carb refeeds
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Carbohydrate Refeeds: How To Add Refeeds To A Low Carb Diet (And Why You Would Want To)

carb refeed

If you’ve been following a low carb diet for a while and have been experiencing weight loss plateaus, hormone imbalances, low energy, or a decline in athletic performance, you might want to consider implementing strategic carbohydrate refeeds.

A carb refeed is an intentional increase in carbohydrate consumption, often done on a periodic basis such as daily or weekly. These refeeds are an effective strategy for minimizing potential negative hormonal or metabolic effects from long term low carbohydrate intake.


Why Carb Refeeds Are Important

Carbohydrates and Insulin

We know that carbs have an impact on the hormone insulin. And when our bodies don’t respond properly to insulin, we increase our risk for disease (metabolic syndrome, type II diabetes, heart disease, non-alcoholic fatty liver disease, Alzheimer’s, and more).

Insulin is responsible for telling our cells (mostly muscle, liver, and fat cells) to soak up sugar from the bloodstream. If your cells don’t respond, the level of sugar in your blood remains high and can begin to have toxic effects. This is called “insulin resistance”.

One way we can become resistant to insulin is from eating carbohydrate-rich foods in excess, especially from refined, heavily processed sources. These foods result in excess glucose in the blood, leading to chronically elevated blood sugar and cells that eventually become resistance to insulin signalling. Chronically elevated blood sugar is a serious problem in and of itself, but so is becoming resistant to insulin, as it serves many important functions in the body.

Insulin Isn’t All Bad

Just because insulin resistance sucks doesn’t mean we should immediately demonize insulin. Insulin is talking to so many more things than just muscle, liver, and fat cells. It’s also a signaling hormone for the:

  • Thyroid — up-regulating enzymes that stimulates beneficial thyroid hormone conversions
  • Bones — modulating osteoblast activity to promote bone growth
  • Brain — binding to brain cell receptors to help regulate hunger, adiposity, neuro-inflammation, and some cognitive functions
  • Other hormones — balancing estrogen and testosterone levels, interacting with cortisol, growth hormone, dopamine, serotonin, and many others
  • Immune system — enhancing neutrophil, macrophage, T cell, and natural killer cell activity

As you can see, insulin is not merely a fat storage hormone and has many other important functions in the body. That’s why it’s vital to keep cells responsive or sensitive to insulin.

Optimal insulin sensitivity can be achieved by eating the right amount and right type of carbohydrates at the right time. Sounds simple, but there’s a ton of individuality involved. Especially when it comes to very low carb diets.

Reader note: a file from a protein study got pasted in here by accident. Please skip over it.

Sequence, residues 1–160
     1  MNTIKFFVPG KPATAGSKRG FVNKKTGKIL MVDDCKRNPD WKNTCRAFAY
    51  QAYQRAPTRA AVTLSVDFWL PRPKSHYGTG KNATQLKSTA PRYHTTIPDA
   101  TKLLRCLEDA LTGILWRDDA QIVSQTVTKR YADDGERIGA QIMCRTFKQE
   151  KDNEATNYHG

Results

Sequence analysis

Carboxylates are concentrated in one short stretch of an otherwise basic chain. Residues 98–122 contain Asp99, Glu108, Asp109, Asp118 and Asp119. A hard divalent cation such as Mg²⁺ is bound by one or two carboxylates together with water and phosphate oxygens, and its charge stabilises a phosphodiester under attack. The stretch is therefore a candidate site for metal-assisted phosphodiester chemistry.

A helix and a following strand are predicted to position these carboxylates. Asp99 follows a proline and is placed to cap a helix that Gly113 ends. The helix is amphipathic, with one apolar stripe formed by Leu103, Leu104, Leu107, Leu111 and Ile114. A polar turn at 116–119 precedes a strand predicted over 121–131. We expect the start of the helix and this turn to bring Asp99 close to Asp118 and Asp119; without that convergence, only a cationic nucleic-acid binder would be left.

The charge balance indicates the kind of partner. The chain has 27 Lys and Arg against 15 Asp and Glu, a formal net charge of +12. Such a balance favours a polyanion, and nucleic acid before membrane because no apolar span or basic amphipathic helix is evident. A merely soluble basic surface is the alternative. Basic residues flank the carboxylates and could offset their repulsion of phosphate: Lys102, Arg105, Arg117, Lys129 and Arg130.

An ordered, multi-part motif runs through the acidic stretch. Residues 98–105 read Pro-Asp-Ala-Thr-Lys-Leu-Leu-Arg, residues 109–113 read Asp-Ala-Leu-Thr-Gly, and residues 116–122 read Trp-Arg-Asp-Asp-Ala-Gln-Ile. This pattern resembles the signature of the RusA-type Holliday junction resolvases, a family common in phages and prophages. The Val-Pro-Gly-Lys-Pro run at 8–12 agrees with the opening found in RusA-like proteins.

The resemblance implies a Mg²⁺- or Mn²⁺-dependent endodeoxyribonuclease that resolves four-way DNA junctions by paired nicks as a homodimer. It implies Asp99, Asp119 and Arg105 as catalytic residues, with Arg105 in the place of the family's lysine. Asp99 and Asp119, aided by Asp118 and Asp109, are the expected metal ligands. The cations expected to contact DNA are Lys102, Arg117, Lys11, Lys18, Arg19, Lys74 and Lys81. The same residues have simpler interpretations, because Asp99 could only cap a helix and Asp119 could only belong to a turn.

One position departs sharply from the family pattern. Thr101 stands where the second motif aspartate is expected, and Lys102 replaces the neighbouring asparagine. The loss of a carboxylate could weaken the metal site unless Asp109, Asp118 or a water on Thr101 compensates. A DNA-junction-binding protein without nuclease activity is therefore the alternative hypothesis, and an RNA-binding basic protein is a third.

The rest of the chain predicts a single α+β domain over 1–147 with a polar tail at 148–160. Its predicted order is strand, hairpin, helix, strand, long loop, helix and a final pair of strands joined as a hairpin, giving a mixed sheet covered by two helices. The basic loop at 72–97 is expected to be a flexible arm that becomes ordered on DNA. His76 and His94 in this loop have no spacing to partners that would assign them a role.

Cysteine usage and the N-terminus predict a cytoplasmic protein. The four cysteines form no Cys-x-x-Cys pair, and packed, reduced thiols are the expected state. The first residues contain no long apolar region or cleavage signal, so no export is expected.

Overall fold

What Happens on a Very Low Carb Diet?

Insulin

Low carb diets have shown promise to be beneficial for weight management, type II diabetes, and neurological disorders. This is, in some part, likely due to the restriction of carbohydrates and the ensuing positive effect on lowering blood sugar levels.

However, one of the drawbacks of a long term, very low carb diet is that insulin levels can be chronically low. In the absence of carbohydrates, little to no insulin is secreted, which can actually cause cells to become resistant to insulin signalling in the very same way that too many carbohydrates can!

In other words, chronically high AND low insulin levels can have similar negative effects on our health. It’s a Goldilocks hormone, and the goal is to strike a balance of optimal insulin sensitivity.

Leptin

Leptin is another important hormone in this puzzle. It’s released by fat cells and communicates to your brain how much fat (i.e. stored energy) you have. Your brain recognizes higher leptin levels as an indicator that you don’t need to worry about food. Low levels tell it that you are running low on energy resources, so it responds by trying to get you to save more energy. What you may feel from this are food cravings (especially for calorie dense food), mood swings, less energy, and plateaued fat loss efforts.

When moving to a low carb diet also coincides with consuming less calories, we see a decrease in leptin levels and the accompanying side effects from above. That’s the bad news. But the good news is that an increase in carb intake has been shown to boost leptin levels and alleviate the negative symptoms associated.

In summary, while very low carb diets can have positive effects on insulin and leptin signalling initially, when done to an extreme without adequate carbohydrate refeeds, the benefits may backfire.


Signs You Might Need to Implement Carb Refeeds

Carbs and Physical Performance